Furthermore, the space that these figures are situated in feels unsteady. Is the man on the viewer’s left in his own scene, or is he leaning against a building, inside which the other two men reside? Space is ambiguous. It is secondary to the depiction of the men.
We can use small visual clues to learn something about the men in this painting. Their clothing indicates that they are working class. The man on the viewer’s left wears a white t-shirt, wrinkled by thick black lines. Perhaps he works in construction, or down on the docks. Bits of pink and orange floating in murky black vaguely resemble water. He might be resting by the river during a break. The other two men wear long-sleeved white shirts and black vests with bow-ties. One holds something with writing in his hand, and has thick globs of red paint splashed on his palms. Is he a waiter, handling a menu? Then why the red globs? Perhaps he is the chef, cooking an animal that has just been caught. The other man in a vest has a little hat perched on his head that lends him a little more authority. Perhaps he is a policeman, or holds a different city job.
Levine was actually a social realist painter. Social realism is a brand of relatively lifelike figurative painting that has a social-justice slant. Many social realist works aim to make commentary on the livelihood of the working man. This information lines up nicely with the above analysis. Levine has lent these working men great dignity while simultaneously making his social-realist point. Rather than depicting them slaving away in the name of capitalism, he portrays them in a moment of calm, when they have agency over their own lives. Street Scene No. 1. paints working people as individuals, rather than a part of a machine. This reflects his political views, and in the process, renders a dignified expressionist portrait of three working men in Boston.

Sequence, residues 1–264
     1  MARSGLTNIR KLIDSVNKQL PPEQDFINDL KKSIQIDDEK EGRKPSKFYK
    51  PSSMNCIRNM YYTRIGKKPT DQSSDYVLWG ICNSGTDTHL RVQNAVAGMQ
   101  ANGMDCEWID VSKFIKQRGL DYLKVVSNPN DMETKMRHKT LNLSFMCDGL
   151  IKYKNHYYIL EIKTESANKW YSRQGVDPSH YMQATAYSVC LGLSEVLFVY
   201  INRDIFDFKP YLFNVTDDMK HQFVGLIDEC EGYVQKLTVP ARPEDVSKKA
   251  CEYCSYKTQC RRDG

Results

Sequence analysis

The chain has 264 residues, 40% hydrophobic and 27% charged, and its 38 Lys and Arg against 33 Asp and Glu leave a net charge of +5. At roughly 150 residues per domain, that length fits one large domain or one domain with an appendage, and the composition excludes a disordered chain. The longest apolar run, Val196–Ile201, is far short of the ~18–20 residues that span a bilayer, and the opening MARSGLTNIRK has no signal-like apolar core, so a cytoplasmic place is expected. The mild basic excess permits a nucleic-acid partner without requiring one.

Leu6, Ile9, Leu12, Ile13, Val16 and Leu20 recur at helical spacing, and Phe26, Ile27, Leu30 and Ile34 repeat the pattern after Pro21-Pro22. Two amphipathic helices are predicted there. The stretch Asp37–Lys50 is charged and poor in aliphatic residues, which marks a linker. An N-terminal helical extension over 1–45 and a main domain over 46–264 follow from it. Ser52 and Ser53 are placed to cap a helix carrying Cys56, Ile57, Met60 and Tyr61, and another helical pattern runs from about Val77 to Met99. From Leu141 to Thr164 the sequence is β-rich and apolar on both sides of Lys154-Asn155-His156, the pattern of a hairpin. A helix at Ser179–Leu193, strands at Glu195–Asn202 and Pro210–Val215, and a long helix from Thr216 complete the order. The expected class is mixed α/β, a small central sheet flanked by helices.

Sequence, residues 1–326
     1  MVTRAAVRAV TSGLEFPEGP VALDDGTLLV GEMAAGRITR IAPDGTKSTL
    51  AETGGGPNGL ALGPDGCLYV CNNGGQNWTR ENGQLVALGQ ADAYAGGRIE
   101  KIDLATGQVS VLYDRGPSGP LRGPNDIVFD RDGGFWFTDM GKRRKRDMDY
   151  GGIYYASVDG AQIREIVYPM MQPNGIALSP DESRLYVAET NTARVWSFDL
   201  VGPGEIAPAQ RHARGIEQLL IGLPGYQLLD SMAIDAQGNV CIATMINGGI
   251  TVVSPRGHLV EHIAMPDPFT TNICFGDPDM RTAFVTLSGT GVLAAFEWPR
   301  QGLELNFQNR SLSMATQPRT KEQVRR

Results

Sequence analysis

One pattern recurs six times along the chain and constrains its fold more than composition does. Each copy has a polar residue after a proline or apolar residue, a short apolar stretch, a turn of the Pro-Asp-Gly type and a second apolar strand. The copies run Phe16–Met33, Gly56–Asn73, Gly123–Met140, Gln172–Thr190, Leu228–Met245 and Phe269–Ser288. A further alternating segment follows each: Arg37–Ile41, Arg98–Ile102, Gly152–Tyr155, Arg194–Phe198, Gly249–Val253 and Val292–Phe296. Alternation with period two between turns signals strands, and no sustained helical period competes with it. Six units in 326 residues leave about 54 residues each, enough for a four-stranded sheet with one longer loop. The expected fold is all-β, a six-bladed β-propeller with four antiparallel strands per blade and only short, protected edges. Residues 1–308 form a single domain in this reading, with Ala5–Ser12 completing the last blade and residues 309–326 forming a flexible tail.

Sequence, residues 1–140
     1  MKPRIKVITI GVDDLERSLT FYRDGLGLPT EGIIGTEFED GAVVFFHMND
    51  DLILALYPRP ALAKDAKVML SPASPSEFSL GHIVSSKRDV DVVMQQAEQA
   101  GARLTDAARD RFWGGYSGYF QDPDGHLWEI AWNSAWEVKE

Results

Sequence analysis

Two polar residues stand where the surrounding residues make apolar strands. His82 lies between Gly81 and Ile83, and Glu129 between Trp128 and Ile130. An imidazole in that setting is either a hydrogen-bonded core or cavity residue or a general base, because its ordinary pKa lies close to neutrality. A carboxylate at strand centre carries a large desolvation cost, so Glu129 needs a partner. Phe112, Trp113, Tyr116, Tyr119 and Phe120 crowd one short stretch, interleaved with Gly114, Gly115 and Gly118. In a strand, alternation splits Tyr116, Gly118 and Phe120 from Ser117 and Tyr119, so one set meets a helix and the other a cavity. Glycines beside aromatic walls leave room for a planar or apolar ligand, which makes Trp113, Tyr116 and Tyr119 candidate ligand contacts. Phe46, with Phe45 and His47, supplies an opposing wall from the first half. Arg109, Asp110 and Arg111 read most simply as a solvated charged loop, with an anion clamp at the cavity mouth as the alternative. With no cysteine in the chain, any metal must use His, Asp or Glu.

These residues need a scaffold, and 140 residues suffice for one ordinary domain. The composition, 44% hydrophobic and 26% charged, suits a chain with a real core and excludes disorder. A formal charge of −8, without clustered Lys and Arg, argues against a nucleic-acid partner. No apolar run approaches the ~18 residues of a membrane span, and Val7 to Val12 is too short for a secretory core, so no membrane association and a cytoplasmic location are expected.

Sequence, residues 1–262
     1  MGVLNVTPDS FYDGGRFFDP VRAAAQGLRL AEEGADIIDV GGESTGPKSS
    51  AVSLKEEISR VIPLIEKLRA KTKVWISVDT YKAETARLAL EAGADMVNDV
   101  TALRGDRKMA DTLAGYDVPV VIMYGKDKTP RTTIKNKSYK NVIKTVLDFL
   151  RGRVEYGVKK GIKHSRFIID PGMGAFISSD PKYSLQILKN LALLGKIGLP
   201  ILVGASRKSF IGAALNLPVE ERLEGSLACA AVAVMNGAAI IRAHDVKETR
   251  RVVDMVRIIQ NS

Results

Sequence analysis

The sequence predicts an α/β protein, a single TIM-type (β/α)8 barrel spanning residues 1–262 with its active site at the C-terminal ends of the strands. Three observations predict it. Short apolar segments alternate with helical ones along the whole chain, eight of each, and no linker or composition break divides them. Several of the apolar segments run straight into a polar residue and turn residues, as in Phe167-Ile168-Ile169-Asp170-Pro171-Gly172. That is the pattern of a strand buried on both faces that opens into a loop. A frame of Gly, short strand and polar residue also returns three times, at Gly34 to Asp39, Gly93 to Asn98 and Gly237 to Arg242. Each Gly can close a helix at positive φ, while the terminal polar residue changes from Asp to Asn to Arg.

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Lastly, I’d like to look at this painting by Hyman Bloom, a Latvian immigrant to the United States. It is called Female Corpse, Back View (1947).
Bloom came to the United States with his family in 1920. He would become a key member of the Boston Expressionist School. As we talked about, this school was heavily influenced by German Expressionism. We can see this influence in Female Corpse, Back View.
First and foremost, it is important to note that Bloom was raised in an orthodox Jewish household. He, like Zebre, dealt with the emotional repercussions of being a Jewish person aware of the Holocaust, but with no personal experience living in a camp. This knowledge tormented him, and he became obsessed with the theme of death. A visit to a morgue inspired a whole series of cadaver paintings like this one. If you recall, Beckmann, too, was influenced by themes of death. Still Life with Three Skulls depicts three garish skulls, and deals with themes of passivity and pessimism surrounding death. In Female Corpse, Back View, Bloom approached death from a different perspective.